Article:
Hull experimented for months, on his own with a plastic-y gloop — then one night, something emerged…
CNN: When you began, what materials exactly were you using?
Hull: The class of materials is called photopolymers and these are typically acrylic-based materials that would be liquid until theyre hit with — lets say — an ultraviolet light. Then, they instantly turn solid. So, you have a vat of this liquid and a point of ultraviolet light, and you turn it into a solid piece of plastic.
And thats the basic method?
Thats the basic methodology — thats stereolithography. Thats never changed.
Who was the first person you showed it to?
Er, my wife. I got a good part and called her up, got her out of her pajamas, told her to come down to the lab and see this.

The whole premise of this technology has been to foster creativity…
Chuck Hull

What did she say?
This had better be good! (Laughs.)
Explore: The 3D printing revolution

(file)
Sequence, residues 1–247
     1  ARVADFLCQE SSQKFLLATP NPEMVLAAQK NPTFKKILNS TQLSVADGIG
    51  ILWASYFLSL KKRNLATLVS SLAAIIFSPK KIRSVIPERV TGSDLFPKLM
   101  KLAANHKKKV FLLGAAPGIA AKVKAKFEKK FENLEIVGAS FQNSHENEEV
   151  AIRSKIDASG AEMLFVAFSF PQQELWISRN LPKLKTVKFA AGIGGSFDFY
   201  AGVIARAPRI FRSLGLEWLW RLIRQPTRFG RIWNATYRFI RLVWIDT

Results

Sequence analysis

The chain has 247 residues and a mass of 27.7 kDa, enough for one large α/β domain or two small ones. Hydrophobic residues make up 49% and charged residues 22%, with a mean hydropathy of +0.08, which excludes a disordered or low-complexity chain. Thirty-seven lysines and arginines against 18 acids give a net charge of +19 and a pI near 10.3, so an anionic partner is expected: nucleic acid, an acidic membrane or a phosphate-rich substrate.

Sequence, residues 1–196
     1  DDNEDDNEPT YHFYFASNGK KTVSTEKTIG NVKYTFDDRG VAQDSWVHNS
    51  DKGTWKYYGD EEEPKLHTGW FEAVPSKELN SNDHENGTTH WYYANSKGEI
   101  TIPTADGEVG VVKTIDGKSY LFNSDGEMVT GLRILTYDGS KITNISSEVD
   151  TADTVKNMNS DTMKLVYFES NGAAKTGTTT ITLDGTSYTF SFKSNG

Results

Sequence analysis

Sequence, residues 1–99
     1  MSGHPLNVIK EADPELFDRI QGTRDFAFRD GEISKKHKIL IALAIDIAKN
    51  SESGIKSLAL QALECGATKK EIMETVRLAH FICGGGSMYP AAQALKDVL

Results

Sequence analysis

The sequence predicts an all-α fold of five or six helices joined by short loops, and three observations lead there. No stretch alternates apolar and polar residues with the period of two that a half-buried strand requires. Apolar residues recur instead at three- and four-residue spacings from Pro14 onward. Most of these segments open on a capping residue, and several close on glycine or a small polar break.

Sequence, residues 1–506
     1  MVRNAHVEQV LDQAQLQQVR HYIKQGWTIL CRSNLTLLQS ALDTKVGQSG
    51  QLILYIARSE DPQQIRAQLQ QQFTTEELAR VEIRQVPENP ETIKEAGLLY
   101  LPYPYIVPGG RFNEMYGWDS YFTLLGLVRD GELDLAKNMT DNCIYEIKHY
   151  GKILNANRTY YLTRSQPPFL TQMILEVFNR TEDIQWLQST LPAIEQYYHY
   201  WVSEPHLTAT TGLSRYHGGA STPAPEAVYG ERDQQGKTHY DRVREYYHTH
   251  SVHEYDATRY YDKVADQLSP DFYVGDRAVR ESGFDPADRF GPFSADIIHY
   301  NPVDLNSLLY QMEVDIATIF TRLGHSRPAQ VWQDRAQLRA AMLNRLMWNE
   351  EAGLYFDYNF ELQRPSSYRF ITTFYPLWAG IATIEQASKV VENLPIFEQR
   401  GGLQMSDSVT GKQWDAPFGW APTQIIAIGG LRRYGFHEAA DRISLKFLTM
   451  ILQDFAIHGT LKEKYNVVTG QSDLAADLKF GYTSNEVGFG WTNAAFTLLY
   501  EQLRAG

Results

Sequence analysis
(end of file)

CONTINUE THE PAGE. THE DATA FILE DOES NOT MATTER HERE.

And then, when did you see 3D printing take off?
Well, its really blossomed just in the last few years — in the sense of really rapid growth and recognition. Theres a lots of things that contributed to that, I think: a lot of the medical applications catch peoples imagination; certainly the maker movement, with low-cost machines getting hobbyists interested in inventing and building using 3D printing.
How did the process develop into what it is today?
One of the most significant [changes] is the basic accuracy you can achieve: because [the materials] cure from a liquid to a solid, they tend to shrink and they can distort. So as you build these 3D parts you get some inaccuracies and warp-age. But that chemistry has been vastly improved, so theres almost no distortion now. Also the physical properties: initially the materials were really brittle — they would break easily. Nowadays you get really good, tough plastic materials.

Well, its really blossomed just in the last few years — in the sense of really rapid growth and recognition
Chuck Hull

I hear the word democratization used about 3D printing. Is that important to you?